Main MenuOverview by Sujata Iyengar and Nathalie Vienne-Guerrin'Henry V' : A Guide to Early Printed Editions by Daniel Yabut“with rough and all-unable pen…” : Source Study and Historiography in Shakespeare’s 'Henry V' by Mikaela LaFavePistol and Monsieur Le Fer: An Anglo-French Encounter by Charlène CruxentUniversité Paul-Valéry Montpellier 3, IRCL, UMR5186 CNRSMaking & Unmaking National Identity: Race & Ethnicity in Shakespeare’s 'Henry V' by Nora Galland'Henry V' Onstage: From the Falklands War to Brexit (1986-2018) by Janice Valls-RussellThe Problematic Reception of 'Henry V' in France: A Case Study by Florence March“For ’tis your thoughts that now must deck our kings”: Henry’s Popular Afterlives by Philip Gilreath“On your imaginary forces work”: How 'Henry V'’s Chorus Changes the Play Text during Olivier’s Film by Julia KoslowskyA Guide to Teaching 'Henry V' and its Sources by Hayden BensonStudy QuestionsKey Scenes and Speeches from 'Henry V'Back Matter
Benson Endnote 1
12019-06-28T13:32:24-07:00Hayden Benson7d69b3398da384eb9196529b557c5a84032c3d8c296031plain2019-06-28T13:32:24-07:00Hayden Benson7d69b3398da384eb9196529b557c5a84032c3d8cKate Sauer, “The Impact of Student Interest and Instructor Effectiveness on Student Performance” (St. John Fisher College, 2012).
This chapter provides sample lesson plans designed for 8th-12th grade students, specifically in Georgia. Each plan shows how they connect to particular English Language Arts Georgia Standards of Excellence and provides fitting activities to build these literary skills. Each plan also includes a focus on source study and adaptation, aiding students in learning about primary and secondary sources and in applying their knowledge to film adaptations of a famous literary work. In addition to lesson plans, this chapter also includes study questions for each essay found in this OER, which educators, students, and general readers can use to further engage with these works.
In an English and Language Arts classroom, educators encourage analysis and discussion, leading Henry V and its adaptations to be beneficial tools in building such skills for students. The text of Henry V has several instances that complicate Henry’s character. At times, he is a just king taking back his land; at others, he appears to be a violent conqueror, threatening to rape French women and ordering the slaughter of the French prisoners. Studying how each film adaptation changes Henry’s portrayal through the use of sound, body language, performance, and by restructuring the events of the play helps students understand how the directors drew from and adapted their source material to send a particular message, in this case their view on Henry’s character, to the audience. Furthermore, observing the sources Shakespeare used when writing Henry V helps students better understand the connection among literature, culture, and history, leading the play and its historical background to be a helpful resource in the ELA classroom.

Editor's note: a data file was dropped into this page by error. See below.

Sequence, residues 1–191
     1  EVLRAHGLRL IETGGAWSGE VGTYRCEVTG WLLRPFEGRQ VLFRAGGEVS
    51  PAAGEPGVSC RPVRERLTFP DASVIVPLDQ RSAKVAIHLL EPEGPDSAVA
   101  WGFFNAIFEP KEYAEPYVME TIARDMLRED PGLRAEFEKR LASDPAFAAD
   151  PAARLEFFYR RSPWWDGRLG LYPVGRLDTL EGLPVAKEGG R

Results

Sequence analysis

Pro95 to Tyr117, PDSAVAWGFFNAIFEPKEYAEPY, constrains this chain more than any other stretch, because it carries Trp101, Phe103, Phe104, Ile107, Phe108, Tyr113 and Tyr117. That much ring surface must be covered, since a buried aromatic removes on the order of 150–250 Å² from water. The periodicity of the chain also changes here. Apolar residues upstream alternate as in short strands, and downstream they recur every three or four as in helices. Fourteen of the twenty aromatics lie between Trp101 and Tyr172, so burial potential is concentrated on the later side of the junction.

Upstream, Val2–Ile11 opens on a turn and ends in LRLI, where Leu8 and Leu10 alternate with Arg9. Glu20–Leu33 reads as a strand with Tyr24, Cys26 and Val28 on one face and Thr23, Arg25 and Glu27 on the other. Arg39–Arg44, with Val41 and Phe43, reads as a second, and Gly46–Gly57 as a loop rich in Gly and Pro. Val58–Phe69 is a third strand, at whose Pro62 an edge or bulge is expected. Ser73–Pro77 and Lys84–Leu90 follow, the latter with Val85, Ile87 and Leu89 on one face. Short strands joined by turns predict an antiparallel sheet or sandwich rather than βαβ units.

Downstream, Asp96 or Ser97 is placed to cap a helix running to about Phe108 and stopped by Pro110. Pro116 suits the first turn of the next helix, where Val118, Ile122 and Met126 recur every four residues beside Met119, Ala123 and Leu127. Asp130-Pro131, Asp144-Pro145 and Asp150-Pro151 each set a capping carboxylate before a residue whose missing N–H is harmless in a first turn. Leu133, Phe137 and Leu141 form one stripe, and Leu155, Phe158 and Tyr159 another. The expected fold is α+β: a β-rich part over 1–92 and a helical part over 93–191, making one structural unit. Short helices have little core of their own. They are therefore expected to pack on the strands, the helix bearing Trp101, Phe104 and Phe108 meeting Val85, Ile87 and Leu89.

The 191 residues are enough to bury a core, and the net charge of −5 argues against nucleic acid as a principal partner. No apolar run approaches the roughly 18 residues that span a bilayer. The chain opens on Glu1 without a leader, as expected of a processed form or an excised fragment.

With the rise of the internet, it has never been easier to access the sources that Shakespeare used when writing Henry V, those of which are highlighted in Mikaela LaFave’s essay on sources. With emerging online databases, users have access to view a wide range of historical sources. Due to this ease of access, instructors can also use the sources of Henry V to teach students valuable research skills by creating lessons that revolve around searching for such sources.
Each grade level includes a deepening focus on the relationship to the sources and the play. Furthermore, each lesson plan has optional assignments that educators can use or adapt to encourage engaged and active learning in their classrooms. These optional assignments aim to build upon class discussion and engage student interest, as “student interest in the work they are doing has a positive effect on their performance of the task."
By implementing these lessons in their classrooms, educators can effectively teach the themes, literary importance, and historical aspects of Shakespeare’s Henry V in their ELA classrooms, engaging students in active learning and increasing student interest in something that students may initially believe to be beyond their reach.